Offshore driller Fred. Olsen Energy (FOE) might be facing bankruptcy if no solution is found to its refinancing, which is being obstructed by one secured lender.
As part of its ongoing refinancing efforts, FOE in early November presented to its stakeholders a proposal for the refinancing of its capital structure.
Among other things, the key elements of the proposal include the sale of the company’s drilling unit Bolette Dolphin, the issuance of new equity in the amount of approximately $130-140 million in consideration of approximately 89% of FOE’s share capital, post refinancing, and the issuance of new loan capital in the amount of approximately $90 million.
In an update on Thursday, FOE said it is in the process of negotiating a binding agreement for the sale of the Bolette Dolphin to a selected buyer at a price of $340 million.
Moreover, although some minor adjustments to the proposal are still being discussed, the key principles of the proposal have received the support of bondholders holding a majority of the bonds issued by FOE and the majority shareholder has confirmed that it will not object to the proposal if put forward to the general meeting.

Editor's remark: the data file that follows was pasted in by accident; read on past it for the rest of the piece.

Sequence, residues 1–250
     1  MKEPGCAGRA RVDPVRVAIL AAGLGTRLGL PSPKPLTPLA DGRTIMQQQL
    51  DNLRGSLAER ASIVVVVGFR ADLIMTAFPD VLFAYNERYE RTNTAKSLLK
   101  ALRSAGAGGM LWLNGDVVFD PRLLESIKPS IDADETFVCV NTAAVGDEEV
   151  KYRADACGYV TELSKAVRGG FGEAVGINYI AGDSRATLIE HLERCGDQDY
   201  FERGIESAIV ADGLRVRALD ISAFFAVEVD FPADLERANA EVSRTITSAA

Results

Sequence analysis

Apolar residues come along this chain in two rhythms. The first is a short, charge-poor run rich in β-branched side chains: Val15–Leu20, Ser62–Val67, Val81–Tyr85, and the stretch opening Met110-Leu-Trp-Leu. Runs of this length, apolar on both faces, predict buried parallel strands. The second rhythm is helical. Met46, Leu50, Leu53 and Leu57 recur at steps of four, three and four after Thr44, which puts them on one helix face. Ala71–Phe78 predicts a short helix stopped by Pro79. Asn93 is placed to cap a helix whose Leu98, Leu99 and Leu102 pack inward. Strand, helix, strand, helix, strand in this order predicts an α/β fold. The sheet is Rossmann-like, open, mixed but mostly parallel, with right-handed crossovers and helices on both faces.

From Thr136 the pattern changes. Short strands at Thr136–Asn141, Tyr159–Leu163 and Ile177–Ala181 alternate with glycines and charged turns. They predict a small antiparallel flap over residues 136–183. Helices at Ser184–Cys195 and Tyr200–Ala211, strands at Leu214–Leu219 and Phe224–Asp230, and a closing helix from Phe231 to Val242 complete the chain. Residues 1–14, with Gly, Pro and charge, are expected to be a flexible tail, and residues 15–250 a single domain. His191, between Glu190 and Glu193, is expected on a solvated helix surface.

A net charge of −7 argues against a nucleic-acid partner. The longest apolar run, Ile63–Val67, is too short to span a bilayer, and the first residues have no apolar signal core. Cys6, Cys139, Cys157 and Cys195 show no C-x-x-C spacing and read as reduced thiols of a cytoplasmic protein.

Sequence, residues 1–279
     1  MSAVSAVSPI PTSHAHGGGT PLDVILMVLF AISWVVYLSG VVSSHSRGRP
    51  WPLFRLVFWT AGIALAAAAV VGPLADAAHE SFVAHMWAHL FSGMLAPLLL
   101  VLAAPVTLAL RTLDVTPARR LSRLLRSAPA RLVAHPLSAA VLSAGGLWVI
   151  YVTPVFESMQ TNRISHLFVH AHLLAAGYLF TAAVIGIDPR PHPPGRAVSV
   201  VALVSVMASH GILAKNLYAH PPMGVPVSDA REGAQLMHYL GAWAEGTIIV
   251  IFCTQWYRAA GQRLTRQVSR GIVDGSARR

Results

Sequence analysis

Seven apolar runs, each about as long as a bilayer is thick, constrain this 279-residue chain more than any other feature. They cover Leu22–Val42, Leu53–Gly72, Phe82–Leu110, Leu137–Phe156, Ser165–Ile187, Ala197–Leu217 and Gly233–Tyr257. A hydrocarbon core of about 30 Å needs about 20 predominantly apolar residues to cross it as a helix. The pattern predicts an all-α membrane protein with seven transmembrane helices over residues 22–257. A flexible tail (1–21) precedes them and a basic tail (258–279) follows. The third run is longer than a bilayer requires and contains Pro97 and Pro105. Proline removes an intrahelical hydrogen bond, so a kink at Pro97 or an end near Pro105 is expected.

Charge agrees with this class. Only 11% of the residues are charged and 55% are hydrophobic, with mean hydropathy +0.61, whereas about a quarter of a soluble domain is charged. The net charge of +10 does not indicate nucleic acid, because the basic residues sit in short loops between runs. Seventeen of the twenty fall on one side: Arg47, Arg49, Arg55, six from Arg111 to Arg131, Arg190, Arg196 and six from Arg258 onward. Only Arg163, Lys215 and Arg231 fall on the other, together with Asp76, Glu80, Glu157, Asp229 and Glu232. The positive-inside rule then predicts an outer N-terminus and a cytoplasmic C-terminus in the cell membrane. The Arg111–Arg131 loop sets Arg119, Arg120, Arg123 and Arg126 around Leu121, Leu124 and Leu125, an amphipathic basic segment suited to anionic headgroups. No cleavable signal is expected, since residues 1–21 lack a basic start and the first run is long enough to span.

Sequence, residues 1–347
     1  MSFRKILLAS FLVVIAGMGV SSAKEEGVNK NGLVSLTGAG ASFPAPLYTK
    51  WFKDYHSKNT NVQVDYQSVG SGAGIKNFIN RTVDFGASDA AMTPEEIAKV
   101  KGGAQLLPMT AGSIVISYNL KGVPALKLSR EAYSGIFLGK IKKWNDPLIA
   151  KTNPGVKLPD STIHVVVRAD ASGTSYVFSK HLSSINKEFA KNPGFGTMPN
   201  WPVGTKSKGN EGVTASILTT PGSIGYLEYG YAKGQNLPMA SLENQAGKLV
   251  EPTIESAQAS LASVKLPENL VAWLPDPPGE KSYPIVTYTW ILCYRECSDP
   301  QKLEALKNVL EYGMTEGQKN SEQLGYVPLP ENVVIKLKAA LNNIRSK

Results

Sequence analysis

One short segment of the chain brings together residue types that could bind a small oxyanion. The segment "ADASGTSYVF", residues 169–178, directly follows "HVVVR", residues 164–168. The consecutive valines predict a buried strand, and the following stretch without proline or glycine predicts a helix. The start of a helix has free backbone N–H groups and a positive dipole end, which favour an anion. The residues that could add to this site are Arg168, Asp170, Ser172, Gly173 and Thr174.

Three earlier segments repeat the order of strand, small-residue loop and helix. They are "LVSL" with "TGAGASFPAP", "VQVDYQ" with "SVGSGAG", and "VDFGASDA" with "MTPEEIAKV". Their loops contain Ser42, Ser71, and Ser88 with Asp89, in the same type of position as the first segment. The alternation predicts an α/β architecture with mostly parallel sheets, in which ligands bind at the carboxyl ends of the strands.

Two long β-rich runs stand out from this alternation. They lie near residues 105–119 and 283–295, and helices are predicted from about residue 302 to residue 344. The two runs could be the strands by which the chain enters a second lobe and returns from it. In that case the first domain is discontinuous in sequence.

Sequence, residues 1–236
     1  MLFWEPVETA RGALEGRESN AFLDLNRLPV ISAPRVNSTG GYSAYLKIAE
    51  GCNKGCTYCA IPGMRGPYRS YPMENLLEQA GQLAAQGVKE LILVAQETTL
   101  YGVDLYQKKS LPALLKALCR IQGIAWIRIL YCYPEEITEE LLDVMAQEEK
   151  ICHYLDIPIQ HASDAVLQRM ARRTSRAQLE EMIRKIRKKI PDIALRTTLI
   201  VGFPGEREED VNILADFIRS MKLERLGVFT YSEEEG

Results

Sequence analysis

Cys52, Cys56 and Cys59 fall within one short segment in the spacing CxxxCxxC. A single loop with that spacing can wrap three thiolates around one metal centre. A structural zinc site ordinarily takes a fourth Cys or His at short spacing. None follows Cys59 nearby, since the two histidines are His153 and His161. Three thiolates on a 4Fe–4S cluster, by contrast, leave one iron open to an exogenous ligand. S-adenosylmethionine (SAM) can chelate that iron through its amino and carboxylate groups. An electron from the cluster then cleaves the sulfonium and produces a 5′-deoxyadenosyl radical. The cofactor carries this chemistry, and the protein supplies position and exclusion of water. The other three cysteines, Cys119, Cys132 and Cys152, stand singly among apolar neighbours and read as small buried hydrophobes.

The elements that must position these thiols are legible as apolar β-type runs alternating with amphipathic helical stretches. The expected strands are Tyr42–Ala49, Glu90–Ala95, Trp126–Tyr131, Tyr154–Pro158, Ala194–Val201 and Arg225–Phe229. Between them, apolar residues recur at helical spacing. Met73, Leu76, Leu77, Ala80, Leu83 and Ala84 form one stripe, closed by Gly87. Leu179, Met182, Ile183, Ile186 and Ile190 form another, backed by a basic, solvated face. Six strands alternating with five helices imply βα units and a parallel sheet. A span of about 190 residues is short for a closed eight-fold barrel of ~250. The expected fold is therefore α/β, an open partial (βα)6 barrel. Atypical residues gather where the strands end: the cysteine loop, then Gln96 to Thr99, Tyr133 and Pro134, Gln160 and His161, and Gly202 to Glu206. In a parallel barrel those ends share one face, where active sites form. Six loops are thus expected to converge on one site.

FOE facing bankruptcy if no solution found
Finally, FOE said that the key terms of the proposal have received the support from all lenders, in FOE’s secured loan facility except for one.
Namely, the implementation of the proposal, starting with the sale of the Bolette Dolphin, requires the unanimous support of FOE’s secured lenders. Certain of FOE’s secured lenders have informed FOE that they today will submit to Oslo Tingrett a petition for an injunction against the one secured lender obstructing the proposal in order to procure that the lender consents to the sale of the drilling unit Bolette Dolphin.
Alongside these proceedings, FOE stated it continues its efforts to agree on a refinancing along the lines of the proposal with its key stakeholders. Unless a solution is found to the refinancing, the company will need to file for bankruptcy.